Director, External Affairs AT&T Alaska

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paying an additional premium or receiving a premium refund. And the payroll on the current policy could be adjusted to reflect the updated information. Insurance brokers, Pobieglo says, should partner with business owners to determine what types of risks they face and what reasonable coverage levels are necessary. For example, he advises clients to choose the maximum for general/auto liability coverage, which is usually $1 million. “Cutting limits is not a savvy cost-cutting strategy,” he says. However, people should not purchase insurance simply based on what someone else says they need, what is legally-mandated, or contractual requirements. “It should be based on the risk your business is facing,” Pobieglo says. David Adams, CIC, a senior account executive with Insurance Brokers of Alaska, agrees. While legal and contractual obligations are important considerations, he says, business owners should think more broadly. They should consider how much risk they want to assume and what could put them out of business. There are many factors to be considered when determining the right type and amount of coverage, Adams says. In many cases, there are regulatory requirements that set minimum acceptable insurance coverage limits. That’s why he recommends that businesses develop a strong working relationship with insurance professionals and rely on their expertise. “Use the services of a qualified risk management professional to provide an in-depth analysis of your exposures and risk,” Adams says.

Maintaining Adequate Protection So how often should companies review their insurance coverage to ensure they are adequately protected? Although risk management should be a daily activity, business owners should review their coverage and risk with their broker at least once a year, Pobieglo says. “Here in Alaska, we like to review a couple of times, usually seasonally: once in the spring and once in the fall,” he says. Taking a seasonal approach, Pobieglo says, allows companies to adjust coverage for the ebbs and flows of their business activities. For instance, the business may need to boost coverage when adding new equipment in

Alaska Business Monthly | March 2017www.akbizmag.com


the spring and lower coverage when payroll winds down in the fall. Seville also recommends that business owners review their coverage at least annually and upon any new undertaking. Preferably, they will advise their insurance broker about any new undertakings—before they happen. “It’s very important to get your insurance broker involved early,” she says. “There are specialized coverages, and there is a lead time. And it takes a while to get good quotes.” Discussing impending developments is especially important when the undertaking involves acquiring another business, Seville says. And if the client is dealing with nondisclosure or confidentiality agreements, their broker can also sign these agreements and be able to provide advice as early as possible in the process. Gordon feels that companies should always be reviewing their coverage and thinking about how the decisions they are making will impact their insurance needs. “Being proactive, not reactive, is the key,” he says. Adams also favors being preemptive, saying business owners should consult with their insurance professional at least once a year and prior to making any organizational changes. “Allow your insurance professional to be a strategic part of your organization,” he says. “Your professional should be a go-to resource person.” Like most brokers, Dennis also advocates an annual assessment as a bare minimum. Or a quarterly review might be warranted, depending on the size and activities of the business. He says: “How much are they growing?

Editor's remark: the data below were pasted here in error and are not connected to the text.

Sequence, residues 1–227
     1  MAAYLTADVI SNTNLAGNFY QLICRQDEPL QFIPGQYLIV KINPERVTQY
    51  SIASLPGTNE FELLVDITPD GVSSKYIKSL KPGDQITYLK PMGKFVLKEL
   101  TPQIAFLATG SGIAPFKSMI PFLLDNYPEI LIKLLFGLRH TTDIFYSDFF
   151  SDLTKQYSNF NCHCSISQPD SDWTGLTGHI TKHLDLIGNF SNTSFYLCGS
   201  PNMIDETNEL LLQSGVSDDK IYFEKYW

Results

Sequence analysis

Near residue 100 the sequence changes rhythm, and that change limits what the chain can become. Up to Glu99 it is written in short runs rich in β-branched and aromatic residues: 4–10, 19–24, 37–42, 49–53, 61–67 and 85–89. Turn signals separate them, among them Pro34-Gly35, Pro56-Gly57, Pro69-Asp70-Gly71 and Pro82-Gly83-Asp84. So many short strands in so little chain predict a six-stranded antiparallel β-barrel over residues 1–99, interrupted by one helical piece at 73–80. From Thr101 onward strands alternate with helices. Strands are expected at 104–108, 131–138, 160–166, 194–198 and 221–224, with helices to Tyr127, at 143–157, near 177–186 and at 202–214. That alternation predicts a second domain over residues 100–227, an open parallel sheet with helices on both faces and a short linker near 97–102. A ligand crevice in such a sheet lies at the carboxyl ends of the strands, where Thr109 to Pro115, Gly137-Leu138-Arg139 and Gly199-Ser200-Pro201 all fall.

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Are they acquiring assets often? If it’s a new and growing business that’s expanding rapidly, you might want to do it monthly.” The review would involve evaluating the company’s assets, exposures, and risk tolerance and then determining the available coverage and costs. “A lot of time we provide several options and then talk about what they can afford versus what they need to cover their assets,” Dennis says. But businesses can’t insure for every loss, or they’ll end up “insurance-poor,” Dennis says. “You have to balance the insurance cost versus your exposure,” he explains.

Expert Advice As a word of advice, Dennis emphasizes that insurance is an indispensable asset for business survival. “It’s a necessary evil,” he says. “You can use it to have peace of mind and as a tool to grow the business.” But the value of insurance coverage, Dennis says, is sometimes underestimated. “It’s a tool you use to keep your business working and going, so you can borrow money, hire employees, and spread the risk of losing a business in the event of a small accident,” he says. “You don’t want to leave your business exposed to a catastrophic event like a fire when you could have spent a few thousands to insure it and protect it.” Business owners also sometimes undervalue the benefit of using a local broker with knowledge of the marketplace in Alaska, Dennis says. Alaska is a unique insurance